relaxed by topoisomerases.
The crystal structure of the T. aquaticus RNA
polymerase core is shaped like a crab claw. The catalytic
center, containing a Mg21 ion coordinated by three Asp
residues, lies in a channel that conducts DNA through the
The crystal structure of a T. aquaticus holoenzyme–
DNA complex mimicking an open promoter complex
allows the following conclusions. (1) The DNA is bound
mainly to the s-subunit. (2) The predicted interactions
between amino acids in region 2.4 of s and the 210 box
of the promoter are really possible. (3) Three highly
conserved aromatic amino acids that are predicted to
participate in promoter melting are really in a position to
do so. (4) Two invariant basic amino acids in s that are
predicted to participate in DNA binding are in proper
position to do so. A higher resolution crystal structure
reveals a form of the polymerase that has two Mg21 ions,
in accord with the probable mechanism of catalysis.
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Review Questions
Structural studies of the elongation complex involving
the Thermus thermophilus RNA polymerase revealed
that: A valine residue in the b9 subunit inserts into the
minor groove of the downstream DNA; thus, it could
prevent the DNA from slipping, and it could induce the
screw-like motion of the DNA through the enzyme. Only
one base pair of DNA (at position 11) is melted and
available for base-pairing with an incoming nucleotide,
so only one nucleotide at a time can bind specifically to
the complex. Several forces limit the length of the RNA–
DNA hybrid, including the length of the cavity in the
enzyme that accommodates the hybrid and a
hydrophobic pocket in the enzyme at the end of the
cavity that traps the first RNA base displaced from the
hybrid. The RNA product in the exit channel assumes the
shape of one-half of a double-stranded RNA. Thus, it can
readily form a hairpin to cause pausing, or even
termination of transcription. Structural studies of the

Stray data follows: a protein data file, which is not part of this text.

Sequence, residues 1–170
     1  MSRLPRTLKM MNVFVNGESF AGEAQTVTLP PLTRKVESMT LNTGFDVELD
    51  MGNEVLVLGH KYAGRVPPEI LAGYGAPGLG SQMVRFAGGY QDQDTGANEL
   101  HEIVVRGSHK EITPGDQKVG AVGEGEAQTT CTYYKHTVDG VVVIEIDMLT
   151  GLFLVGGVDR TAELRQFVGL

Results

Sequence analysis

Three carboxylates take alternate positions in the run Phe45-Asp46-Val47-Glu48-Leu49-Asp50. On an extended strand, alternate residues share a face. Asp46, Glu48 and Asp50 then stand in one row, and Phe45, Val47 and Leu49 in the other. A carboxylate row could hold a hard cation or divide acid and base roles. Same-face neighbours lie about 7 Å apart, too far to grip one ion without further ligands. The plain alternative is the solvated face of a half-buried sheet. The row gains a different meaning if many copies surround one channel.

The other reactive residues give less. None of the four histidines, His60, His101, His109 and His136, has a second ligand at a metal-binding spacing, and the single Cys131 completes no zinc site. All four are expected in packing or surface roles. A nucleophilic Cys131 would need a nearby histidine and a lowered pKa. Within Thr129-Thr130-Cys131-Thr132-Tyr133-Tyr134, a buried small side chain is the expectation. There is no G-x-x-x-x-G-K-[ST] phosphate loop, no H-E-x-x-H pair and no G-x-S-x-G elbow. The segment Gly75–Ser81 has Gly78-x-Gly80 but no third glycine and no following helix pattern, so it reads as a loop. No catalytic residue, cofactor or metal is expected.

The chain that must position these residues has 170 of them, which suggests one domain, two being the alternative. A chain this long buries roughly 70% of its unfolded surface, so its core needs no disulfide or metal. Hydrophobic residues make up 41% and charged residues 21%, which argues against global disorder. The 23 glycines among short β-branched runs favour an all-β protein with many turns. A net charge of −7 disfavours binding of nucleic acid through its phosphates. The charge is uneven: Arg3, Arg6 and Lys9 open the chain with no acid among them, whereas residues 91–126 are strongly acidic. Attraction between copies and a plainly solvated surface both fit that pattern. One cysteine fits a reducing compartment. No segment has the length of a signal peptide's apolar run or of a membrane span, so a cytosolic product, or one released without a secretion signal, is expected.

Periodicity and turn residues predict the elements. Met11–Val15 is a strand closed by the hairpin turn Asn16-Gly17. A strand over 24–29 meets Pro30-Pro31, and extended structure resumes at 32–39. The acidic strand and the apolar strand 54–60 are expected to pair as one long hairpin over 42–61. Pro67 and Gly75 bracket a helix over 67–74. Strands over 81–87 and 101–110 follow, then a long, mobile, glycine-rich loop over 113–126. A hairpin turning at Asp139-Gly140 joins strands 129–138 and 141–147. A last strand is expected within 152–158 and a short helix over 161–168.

enzyme with an inactive substrate analog and the
antibiotic streptolydigin have identified a preinsertion
state for the substrate that is catalytically inactive, but
could provide for checking that the substrate is the
correct one.
Intrinsic terminators have two important elements:
(1) an inverted repeat that allows a hairpin to form at
the end of the transcript to destabilize the RNA–DNA
hybrid; (2) a string of T’s in the nontemplate strand that
results in a string of weak rU–dA base pairs holding the
transcript to the template. Together, these elements
cause the polymerase to pause and the transcript to be
released. Rho-dependent terminators consist of an
inverted repeat, which can cause a hairpin to form in
the transcript, but no string of T’s. Rho binds to the
RNA polymerase in an elongation complex. When the
RNA transcript has grown long enough, rho binds to it
via a rho loading site, forming an RNA loop between
the polymerase and rho. Rho continues to feed the
growing transcript through itself until the polymerase
pauses at a terminator. This pause allows rho to tighten
the RNA loop and trap the elongation complex. Rho
then dissociates the RNA–DNA hybrid, terminating
3. Describe an experiment to measure the dissociation rate of
the tightest complex between a protein and a DNA. Show
sample results of weak and tight binding. How do these
results relate to the binding of core polymerase and
holoenzyme to DNA that contains promoters?
4. What effect does temperature have on the dissociation rate